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News Judgment, Reputation,  Engagement, Advocacy              Spring 2012        Prof. Marie K. Shanahan        University...
What is news?• News is a report of recent events, of new  information.• Reporting the news is a public service.• News orig...
News judgment: 9 elements
Timeliness• Recent events have higher news value than  happenings in the past.                                          Im...
Impact• How many people are will be affected/influenced by  the subject of the story?                                     ...
ProminenceSignificant peopleor places areinvolved.  Photo by Flickr user BeckyF, used under a                  Creative Co...
ProximityHow close to “home” the news originates.
Conflict“Bad news:”Crime, strife, war,public discontent,protests,disagreements.        Image by photoxpress.com
NoveltyThe unusual, strange, unique or odd.                             Image via telegraph.co.uk
Consequence
CurrencyMore value is given to stories pertaining to issues ortopics that are in the spotlight of public concern rathertha...
Human InterestStories about individualsand groups of people andtheir problems, concerns,or achievements can stirempathy, i...
Explanatory Stories• The public benefits from professionally reported  information explaining issues, processes, trends an...
Data Visualization• Can be a useful tool in an explanatory story.• Helps audience understand complex statistics and  numbe...
http://www.visual-literacy.org/periodic_table/periodic_table.html
Multimedia StoryboardingThe best multimediastories are multi-dimensional.Contain elements ofaction, process, andpeople.Org...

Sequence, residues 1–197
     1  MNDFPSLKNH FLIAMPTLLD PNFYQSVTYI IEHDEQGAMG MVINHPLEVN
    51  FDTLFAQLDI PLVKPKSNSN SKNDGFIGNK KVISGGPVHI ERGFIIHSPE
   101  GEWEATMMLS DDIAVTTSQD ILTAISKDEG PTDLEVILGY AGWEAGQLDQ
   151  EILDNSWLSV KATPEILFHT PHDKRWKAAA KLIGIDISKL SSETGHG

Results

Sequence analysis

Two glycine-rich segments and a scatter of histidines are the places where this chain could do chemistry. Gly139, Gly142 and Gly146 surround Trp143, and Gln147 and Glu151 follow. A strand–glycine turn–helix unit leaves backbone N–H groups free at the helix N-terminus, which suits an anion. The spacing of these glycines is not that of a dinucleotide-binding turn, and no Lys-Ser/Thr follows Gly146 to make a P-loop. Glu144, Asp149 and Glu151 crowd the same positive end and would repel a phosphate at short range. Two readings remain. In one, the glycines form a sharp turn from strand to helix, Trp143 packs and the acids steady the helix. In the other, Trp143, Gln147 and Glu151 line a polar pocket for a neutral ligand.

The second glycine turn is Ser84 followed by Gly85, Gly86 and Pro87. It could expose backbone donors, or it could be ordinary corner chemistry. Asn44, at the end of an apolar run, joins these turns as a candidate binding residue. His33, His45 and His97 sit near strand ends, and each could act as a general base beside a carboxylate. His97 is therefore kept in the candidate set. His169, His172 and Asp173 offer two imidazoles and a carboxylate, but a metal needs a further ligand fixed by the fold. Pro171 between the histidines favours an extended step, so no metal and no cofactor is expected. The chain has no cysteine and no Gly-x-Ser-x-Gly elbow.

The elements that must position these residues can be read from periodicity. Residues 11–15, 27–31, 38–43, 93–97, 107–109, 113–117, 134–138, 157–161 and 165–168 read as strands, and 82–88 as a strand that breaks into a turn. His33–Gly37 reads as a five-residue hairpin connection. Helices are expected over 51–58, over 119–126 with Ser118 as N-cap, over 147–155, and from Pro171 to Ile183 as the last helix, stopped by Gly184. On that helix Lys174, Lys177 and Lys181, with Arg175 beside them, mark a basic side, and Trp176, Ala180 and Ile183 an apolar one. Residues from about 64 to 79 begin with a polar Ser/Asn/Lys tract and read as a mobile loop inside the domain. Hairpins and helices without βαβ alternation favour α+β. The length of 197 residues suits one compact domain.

What is a storyboard?• A visual sketch of your story/project, separated into  different parts so it can be organized.• Pic...
Online StoryboardingDivide your story into logical parts:•Lead or nut graph – the introduction•Profiles of the main person...
Create a new blog post!• Open a new browser window and start a new post  on our class blog.• Your post will have 3 section...
1. Your reputation• Perform a web search on yourself. For example, I  searched: “Marie Shanahan” and “Marie K.  Shanahan.”...
Read this article7 Steps For Journalists To Build Trust and Credibility with anhttp://www.poynter.org/how-tos/community-en...
2. Engaging your audienceOnce you have a work of journalism to publish, youneed to find an audience for your work. Journal...
Watch This VideoTED Talk featuring Seth Godin: The Tribes We Lead   http://www.ted.com/talks/seth_godin_on_the_tribes_we_l...
Advocacy JournalismBrowse these two websites and read the bio of New YorkTimes columnist Nicholas Kristof (who will be spe...
3. Advocacy questions• Should journalists and their news organizations use  their communication resources and large audien...
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News Judgment, Reputation, Engagement, Advocacy

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Journalistic news judgment, a journalist's online reputation, engaging audiences and advocacy journalism.

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News Judgment, Reputation, Engagement, Advocacy

  1. 1. News Judgment, Reputation, Engagement, Advocacy Spring 2012 Prof. Marie K. Shanahan University of Connecticut
  2. 2. What is news?• News is a report of recent events, of new information.• Reporting the news is a public service.• News originates in three ways: naturally occurring events, planned activities, and reporter enterprise.• “Explanatory” stories should also be included as a form of news.
  3. 3. News judgment: 9 elements
  4. 4. Timeliness• Recent events have higher news value than happenings in the past. Image by photoxpress.com
  5. 5. Impact• How many people are will be affected/influenced by the subject of the story? Image by photoxpress.com
  6. 6. ProminenceSignificant peopleor places areinvolved. Photo by Flickr user BeckyF, used under a Creative Commons license
  7. 7. ProximityHow close to “home” the news originates.
  8. 8. Conflict“Bad news:”Crime, strife, war,public discontent,protests,disagreements. Image by photoxpress.com
  9. 9. NoveltyThe unusual, strange, unique or odd. Image via telegraph.co.uk
  10. 10. Consequence
  11. 11. CurrencyMore value is given to stories pertaining to issues ortopics that are in the spotlight of public concern ratherthan issues or topics that have little prevalence. Flickr photo by David Shankbone